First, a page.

Dissecting the Division- Atlanta (50-35) owns a five and a half game lead over second place Philadelphia (44-40) while the Nats (42-41) are seven and a half off of the Braves’ pace. But the story this week is the Melting Mets (38-47) have lost 14 of 20 and their bullpen makes the Nats’ issues miniscule. Was that back to back to back to back blown saves against Philly?  Did Manager Mickey Calloway compare himself to Billy Martin when it came to conduct?  And for the record, I don’t believe Martin hit a member of the press–it was a marshmallow salesman.  To top things off, while honoring the 1969 Miracle Mets the franchise saluted those on that team who had passed away–and tipped their caps to a pair of men who are still living.  Remember the “Natinals”?  The team that shot sausage sandwich showers on fans during misguided promotions?  Nook “What was he thinking?” Logan?  These Mets are those Nats.  Enjoy.

Harper’s Weekly- the former face of the franchise hit 7-of-26 to bring his batting average back to .250. His 15 homers and 59 RBI put Bryce on a pace for 29 & 114.  His strikeouts are down (relatively) as his 101 K’s translate to 195 for the season. And after feasting on the Mets, the Phils aren’t taking water anymore.  For the moment…

O’s Woes- well, they did take two of three from Cleveland.  The first series victory since late April puts the Birds at 24-60 (they lost Monday’s series opener to Tampa Bay).  That their pitching has been a problem is a massive understatement (the 5.74 ERA is the worst in the majors), and the grasping at straws portion of the season includes paying cash to Cleveland for Indians minor leaguer Asher Wojciechowski (8-2 in 15 starts at AAA Columbus) as well as starting rookie Thomas Eshelman (who wears #83, a number that doesn’t inspire longevity) Monday against the Rays.  The Orioles need to go .500 (39-39) in order to avoid another 100-loss season.  They’re currently playing under .300 ball.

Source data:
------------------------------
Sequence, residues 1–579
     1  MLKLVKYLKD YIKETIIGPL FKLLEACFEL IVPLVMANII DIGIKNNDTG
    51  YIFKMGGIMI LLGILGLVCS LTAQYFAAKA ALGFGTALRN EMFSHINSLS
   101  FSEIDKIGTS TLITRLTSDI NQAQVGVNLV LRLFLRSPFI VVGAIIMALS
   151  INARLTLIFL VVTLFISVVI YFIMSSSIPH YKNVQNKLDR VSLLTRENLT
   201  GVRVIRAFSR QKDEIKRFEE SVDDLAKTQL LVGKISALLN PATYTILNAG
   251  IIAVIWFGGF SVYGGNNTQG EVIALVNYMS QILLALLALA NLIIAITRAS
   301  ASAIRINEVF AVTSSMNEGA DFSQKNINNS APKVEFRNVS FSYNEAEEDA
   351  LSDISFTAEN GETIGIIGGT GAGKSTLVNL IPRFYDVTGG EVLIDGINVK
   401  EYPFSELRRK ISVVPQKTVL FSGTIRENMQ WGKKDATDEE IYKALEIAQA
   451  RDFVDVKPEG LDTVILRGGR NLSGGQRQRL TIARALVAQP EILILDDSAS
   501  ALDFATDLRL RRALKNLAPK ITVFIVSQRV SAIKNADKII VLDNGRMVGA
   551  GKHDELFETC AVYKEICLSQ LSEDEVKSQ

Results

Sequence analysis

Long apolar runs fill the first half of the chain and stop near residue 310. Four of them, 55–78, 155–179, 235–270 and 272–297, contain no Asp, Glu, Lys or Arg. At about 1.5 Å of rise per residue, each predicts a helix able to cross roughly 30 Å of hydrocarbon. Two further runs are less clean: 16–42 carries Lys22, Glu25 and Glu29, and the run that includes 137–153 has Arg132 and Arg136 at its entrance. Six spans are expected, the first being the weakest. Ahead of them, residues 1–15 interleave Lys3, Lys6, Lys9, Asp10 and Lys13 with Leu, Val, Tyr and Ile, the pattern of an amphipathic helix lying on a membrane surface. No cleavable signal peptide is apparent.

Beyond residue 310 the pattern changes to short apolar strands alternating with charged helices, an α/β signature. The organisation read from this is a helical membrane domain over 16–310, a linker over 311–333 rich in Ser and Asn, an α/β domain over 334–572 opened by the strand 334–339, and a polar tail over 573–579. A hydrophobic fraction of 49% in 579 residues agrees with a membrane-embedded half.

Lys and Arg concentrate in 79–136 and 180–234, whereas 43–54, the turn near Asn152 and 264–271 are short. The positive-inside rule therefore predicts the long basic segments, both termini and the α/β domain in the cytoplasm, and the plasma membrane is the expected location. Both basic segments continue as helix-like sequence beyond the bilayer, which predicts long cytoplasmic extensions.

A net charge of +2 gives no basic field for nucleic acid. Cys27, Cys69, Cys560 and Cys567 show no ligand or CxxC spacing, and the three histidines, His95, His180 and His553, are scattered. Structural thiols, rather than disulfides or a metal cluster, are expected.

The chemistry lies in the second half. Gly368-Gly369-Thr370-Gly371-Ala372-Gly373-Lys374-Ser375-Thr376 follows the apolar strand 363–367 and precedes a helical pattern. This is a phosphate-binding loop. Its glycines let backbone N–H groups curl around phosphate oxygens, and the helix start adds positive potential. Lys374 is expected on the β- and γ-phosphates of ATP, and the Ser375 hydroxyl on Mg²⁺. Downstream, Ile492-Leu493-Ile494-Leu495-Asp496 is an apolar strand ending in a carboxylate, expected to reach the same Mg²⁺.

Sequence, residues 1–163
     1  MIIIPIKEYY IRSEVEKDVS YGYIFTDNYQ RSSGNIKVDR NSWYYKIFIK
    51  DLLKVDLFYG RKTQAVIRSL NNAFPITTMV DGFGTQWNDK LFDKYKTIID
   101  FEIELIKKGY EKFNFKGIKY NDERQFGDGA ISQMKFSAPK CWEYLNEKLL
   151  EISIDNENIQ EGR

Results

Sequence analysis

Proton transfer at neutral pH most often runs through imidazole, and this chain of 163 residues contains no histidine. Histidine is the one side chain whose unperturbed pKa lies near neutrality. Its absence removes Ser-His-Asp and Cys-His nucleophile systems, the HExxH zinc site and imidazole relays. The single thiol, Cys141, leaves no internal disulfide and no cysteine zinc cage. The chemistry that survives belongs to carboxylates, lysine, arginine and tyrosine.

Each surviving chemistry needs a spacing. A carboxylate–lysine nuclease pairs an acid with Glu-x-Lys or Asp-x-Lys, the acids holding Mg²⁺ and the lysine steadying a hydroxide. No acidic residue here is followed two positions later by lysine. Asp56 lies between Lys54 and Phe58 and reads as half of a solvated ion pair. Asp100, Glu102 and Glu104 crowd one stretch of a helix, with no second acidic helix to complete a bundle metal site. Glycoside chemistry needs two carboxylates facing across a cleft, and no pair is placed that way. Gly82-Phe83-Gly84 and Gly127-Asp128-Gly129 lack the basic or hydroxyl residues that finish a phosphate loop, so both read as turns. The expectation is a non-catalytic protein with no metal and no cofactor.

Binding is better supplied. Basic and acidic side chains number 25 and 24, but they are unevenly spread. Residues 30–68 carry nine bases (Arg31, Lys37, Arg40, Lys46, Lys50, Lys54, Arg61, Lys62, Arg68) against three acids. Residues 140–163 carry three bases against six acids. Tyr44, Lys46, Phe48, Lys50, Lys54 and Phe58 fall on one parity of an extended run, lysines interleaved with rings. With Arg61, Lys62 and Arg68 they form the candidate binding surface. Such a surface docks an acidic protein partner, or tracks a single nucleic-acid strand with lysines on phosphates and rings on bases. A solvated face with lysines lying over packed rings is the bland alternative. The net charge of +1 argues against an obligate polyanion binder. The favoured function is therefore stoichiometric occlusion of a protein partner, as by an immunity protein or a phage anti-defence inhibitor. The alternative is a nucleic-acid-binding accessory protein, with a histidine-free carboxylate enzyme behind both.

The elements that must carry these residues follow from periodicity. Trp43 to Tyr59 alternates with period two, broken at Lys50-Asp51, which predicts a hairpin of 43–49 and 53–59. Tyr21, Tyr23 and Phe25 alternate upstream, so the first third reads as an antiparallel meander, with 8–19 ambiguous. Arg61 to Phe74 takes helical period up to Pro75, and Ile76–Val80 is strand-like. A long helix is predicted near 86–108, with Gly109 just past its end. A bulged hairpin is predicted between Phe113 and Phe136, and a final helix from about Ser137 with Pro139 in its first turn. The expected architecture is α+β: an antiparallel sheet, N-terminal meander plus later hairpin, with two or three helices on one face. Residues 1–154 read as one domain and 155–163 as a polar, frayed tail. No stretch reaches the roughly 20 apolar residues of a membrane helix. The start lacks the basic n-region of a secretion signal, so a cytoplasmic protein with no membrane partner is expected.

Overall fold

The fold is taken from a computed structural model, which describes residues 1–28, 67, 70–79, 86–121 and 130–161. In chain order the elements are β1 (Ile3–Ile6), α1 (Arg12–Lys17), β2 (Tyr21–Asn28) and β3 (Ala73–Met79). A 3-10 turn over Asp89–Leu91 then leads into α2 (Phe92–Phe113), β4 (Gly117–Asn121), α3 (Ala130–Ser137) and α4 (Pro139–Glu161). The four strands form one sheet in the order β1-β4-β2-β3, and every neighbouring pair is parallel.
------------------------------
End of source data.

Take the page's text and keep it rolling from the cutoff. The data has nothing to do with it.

Last Week’s Heroes- Max Scherzer didn’t just have a great month: he wrapped up a dominant June with two more spectacular starts, going 2-0 while striking out 24 without issuing a walk.  He also went 2-for-3 at the plate and scored twice.  Did we mention he was voted NL Player of the Week?  Patrick Corbin pitched well in his start while Fernando Rodney, Tony Sipp and Jonny Venters tossed scoreless outings of relief.  Anthony Rendon (along with Scherzer the Nats’ other All Star representative) hit .320 with five RBI and six runs scored.  Matt Adams drove in six while Juan Soto notched eight walks and drive in four.

Last Week’s Humbled- Brian Dozier hit .174.  With Ryan Zimmerman coming off of the Injured List, one can see Howie Kendrick’s starts getting moved to the middle of the infield.  Already feeling the crunch is Michael A. Taylor, who finds himself in AA Harrisburg and hasn’t been the same since Dusty Baker was fired.  Relievers Tanner Rainey and Javy Guerra both posted ERA’s over 20.